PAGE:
I believe that the New Healthcare bill that our government is voting on today is a really poor idea. This plan is a real lemon and I think it is only fitting that I use the following analogy to get my point across....

Let's say I own a lemonade stand. I pay for lemons and sugar and the space where I conduct my business. The water I use to make my lemonade is paid for by the people who I rent my shop from. I price my lemonade at $1 a cup. This covers the costs of running my business and adds a small percentage so that I can also make a small profit.

Now say that the owner of my shop comes to me and tells me that the water is no longer going to be free. I will have to pay extra for the water, because I cannot make lemonade without water and – while I regret the impact on my customers, I have no choice but to raise the price of each serving of lemonade to S1.10 per cup to cover this increased expense.

During this time, the person who sells me lemons and sugar has been hit with increased taxes on the sale of their products. They regret to inform me that they have no choice but to raise the prices of lemons and sugar so that they can cover their increased expense imposed by these taxes. I- in turn- have no choice but to pass that cost on to my customers and now a cup of lemonade will cost $1.30 to cover my increased expense.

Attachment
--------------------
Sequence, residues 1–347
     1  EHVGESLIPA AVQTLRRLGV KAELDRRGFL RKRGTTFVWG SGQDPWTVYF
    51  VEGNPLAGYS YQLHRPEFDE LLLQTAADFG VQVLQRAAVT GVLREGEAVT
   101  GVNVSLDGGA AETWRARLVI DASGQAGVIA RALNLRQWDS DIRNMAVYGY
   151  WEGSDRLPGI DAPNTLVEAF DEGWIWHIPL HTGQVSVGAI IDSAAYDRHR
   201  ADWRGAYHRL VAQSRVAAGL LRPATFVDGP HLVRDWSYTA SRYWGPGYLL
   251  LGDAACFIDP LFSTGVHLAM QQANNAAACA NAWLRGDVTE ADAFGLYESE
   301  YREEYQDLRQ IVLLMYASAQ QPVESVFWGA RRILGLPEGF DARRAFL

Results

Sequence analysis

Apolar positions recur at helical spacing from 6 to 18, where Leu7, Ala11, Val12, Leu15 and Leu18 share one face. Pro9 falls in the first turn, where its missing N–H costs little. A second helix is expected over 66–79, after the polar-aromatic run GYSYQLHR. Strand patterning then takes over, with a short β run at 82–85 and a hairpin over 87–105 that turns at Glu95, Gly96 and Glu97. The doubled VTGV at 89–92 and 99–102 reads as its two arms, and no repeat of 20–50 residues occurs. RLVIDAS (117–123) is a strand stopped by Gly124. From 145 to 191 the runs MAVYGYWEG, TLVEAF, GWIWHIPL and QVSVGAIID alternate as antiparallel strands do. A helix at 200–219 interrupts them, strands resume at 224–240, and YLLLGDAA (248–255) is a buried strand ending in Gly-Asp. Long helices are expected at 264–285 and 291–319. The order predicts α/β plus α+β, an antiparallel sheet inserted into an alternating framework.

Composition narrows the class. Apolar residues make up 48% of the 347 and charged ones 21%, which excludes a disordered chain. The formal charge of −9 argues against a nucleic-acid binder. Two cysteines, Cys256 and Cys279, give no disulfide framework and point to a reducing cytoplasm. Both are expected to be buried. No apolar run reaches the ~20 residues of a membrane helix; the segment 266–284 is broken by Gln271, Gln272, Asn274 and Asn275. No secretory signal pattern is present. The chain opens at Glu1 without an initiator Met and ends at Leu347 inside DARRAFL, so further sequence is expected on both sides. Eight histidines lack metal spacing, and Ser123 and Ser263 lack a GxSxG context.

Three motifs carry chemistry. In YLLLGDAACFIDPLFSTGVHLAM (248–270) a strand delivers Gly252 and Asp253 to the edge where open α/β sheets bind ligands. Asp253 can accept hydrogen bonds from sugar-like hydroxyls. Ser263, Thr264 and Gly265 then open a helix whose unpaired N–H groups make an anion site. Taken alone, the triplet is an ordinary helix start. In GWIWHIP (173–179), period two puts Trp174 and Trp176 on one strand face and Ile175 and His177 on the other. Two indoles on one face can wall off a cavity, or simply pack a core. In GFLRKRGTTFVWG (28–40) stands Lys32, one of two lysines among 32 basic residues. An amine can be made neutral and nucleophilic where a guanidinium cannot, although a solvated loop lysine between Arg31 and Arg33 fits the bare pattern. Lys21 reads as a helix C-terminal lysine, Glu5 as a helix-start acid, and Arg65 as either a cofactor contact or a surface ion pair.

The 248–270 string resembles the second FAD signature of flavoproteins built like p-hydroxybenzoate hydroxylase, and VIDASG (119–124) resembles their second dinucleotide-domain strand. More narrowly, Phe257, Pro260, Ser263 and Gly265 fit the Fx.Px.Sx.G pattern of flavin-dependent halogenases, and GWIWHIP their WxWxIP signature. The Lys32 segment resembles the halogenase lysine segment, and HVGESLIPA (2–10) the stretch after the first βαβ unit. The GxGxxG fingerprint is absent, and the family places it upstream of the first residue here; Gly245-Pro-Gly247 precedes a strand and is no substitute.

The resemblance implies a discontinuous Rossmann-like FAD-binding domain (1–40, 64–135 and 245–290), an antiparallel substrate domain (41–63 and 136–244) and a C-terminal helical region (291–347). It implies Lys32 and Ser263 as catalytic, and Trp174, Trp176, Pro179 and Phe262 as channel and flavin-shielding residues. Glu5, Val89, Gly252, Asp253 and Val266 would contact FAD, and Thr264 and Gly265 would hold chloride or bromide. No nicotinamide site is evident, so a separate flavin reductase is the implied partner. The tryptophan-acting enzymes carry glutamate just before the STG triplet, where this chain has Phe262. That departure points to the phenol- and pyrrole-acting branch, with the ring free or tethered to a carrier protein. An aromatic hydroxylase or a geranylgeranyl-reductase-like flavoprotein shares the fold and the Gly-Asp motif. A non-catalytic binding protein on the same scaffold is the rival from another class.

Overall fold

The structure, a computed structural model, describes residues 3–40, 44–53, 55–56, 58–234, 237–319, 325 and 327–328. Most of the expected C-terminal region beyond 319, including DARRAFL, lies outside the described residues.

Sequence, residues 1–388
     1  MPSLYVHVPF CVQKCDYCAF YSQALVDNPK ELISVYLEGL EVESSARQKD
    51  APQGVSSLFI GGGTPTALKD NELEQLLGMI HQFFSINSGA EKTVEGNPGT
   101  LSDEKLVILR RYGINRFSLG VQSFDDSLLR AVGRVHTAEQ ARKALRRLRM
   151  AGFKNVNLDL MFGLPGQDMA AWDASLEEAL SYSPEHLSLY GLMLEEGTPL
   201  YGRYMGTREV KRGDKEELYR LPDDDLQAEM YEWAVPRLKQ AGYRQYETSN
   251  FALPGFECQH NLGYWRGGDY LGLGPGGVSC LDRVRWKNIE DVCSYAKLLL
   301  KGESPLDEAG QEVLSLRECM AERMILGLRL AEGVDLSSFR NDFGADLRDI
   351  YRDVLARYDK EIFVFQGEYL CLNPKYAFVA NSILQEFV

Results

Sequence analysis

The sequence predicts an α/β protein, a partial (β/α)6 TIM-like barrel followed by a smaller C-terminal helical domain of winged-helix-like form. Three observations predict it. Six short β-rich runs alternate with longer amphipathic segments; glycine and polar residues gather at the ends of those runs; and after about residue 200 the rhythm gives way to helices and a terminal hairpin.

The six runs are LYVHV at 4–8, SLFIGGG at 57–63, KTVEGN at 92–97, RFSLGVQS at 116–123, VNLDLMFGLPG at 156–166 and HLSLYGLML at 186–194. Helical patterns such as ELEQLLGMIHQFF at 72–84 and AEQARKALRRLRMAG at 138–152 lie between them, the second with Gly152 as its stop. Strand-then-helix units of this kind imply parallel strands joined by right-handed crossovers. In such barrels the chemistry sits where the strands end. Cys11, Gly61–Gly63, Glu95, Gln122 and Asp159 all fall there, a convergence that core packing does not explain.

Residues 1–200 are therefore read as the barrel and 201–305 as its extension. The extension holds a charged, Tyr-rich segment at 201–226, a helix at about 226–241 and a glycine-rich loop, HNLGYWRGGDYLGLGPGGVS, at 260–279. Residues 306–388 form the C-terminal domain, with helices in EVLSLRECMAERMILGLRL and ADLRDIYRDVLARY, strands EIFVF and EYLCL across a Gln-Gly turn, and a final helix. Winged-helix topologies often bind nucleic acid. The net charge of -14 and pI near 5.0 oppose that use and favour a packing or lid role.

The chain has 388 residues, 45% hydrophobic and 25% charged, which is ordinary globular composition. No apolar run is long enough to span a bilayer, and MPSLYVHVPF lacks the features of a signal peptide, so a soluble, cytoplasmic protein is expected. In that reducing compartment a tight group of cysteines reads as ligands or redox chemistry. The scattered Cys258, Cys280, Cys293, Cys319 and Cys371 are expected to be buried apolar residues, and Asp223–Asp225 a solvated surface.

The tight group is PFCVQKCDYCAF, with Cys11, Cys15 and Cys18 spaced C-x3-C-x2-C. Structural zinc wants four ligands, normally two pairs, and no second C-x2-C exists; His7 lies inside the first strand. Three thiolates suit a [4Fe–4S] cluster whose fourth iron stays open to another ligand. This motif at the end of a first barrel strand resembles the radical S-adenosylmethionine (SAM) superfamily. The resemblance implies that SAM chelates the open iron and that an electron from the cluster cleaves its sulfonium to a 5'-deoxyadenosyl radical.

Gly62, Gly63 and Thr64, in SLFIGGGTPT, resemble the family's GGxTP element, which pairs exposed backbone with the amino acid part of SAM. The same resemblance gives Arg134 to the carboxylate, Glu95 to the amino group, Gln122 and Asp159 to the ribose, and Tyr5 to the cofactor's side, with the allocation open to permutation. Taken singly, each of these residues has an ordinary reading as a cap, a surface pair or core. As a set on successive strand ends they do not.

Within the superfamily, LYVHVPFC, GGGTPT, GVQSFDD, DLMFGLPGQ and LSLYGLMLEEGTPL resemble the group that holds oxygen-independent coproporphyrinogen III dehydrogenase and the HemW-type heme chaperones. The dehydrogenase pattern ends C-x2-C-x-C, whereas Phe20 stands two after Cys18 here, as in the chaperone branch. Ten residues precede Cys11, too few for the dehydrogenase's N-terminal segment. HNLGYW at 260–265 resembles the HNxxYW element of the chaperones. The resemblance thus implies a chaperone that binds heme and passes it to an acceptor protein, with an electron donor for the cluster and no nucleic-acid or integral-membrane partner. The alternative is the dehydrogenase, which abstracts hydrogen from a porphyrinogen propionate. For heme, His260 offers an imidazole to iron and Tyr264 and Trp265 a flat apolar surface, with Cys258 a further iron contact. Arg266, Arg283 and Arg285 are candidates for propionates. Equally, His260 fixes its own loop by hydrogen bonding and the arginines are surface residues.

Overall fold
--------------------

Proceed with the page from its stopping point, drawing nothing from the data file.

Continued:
The government steps in and tells my customers that drinking a cup of lemonade each day is now mandatory and those who don’t buy lemonade each day will be fined $5 per day. As a seller of lemonade, I am thrilled because demand for my product has instantly increased.

While my costs for ingredients per cup remain constant. I have to hire additional help to meet this demand and pay for a bigger shop and extra equipment. I set a new price on a cup of lemonade to a price that ensures I can meet these costs and not lose profit.

Yet, I find that I also must ensure that I am competitive. I see that Lou's Lemonade stand down the street is selling Lemonade for $4.50 a cup now. I realize that if I just substitue the costly sugar for a more inexpensive (and untaxed) artificial sweetner and then use a bit less lemon in each cup, I may be able to undercut Lou's price by 25cents a cup. I set my new price at $4.25 a cup, and soon Lou has no choice but to follow suit. He changes the quality of his recipe and settles on a more competitive price.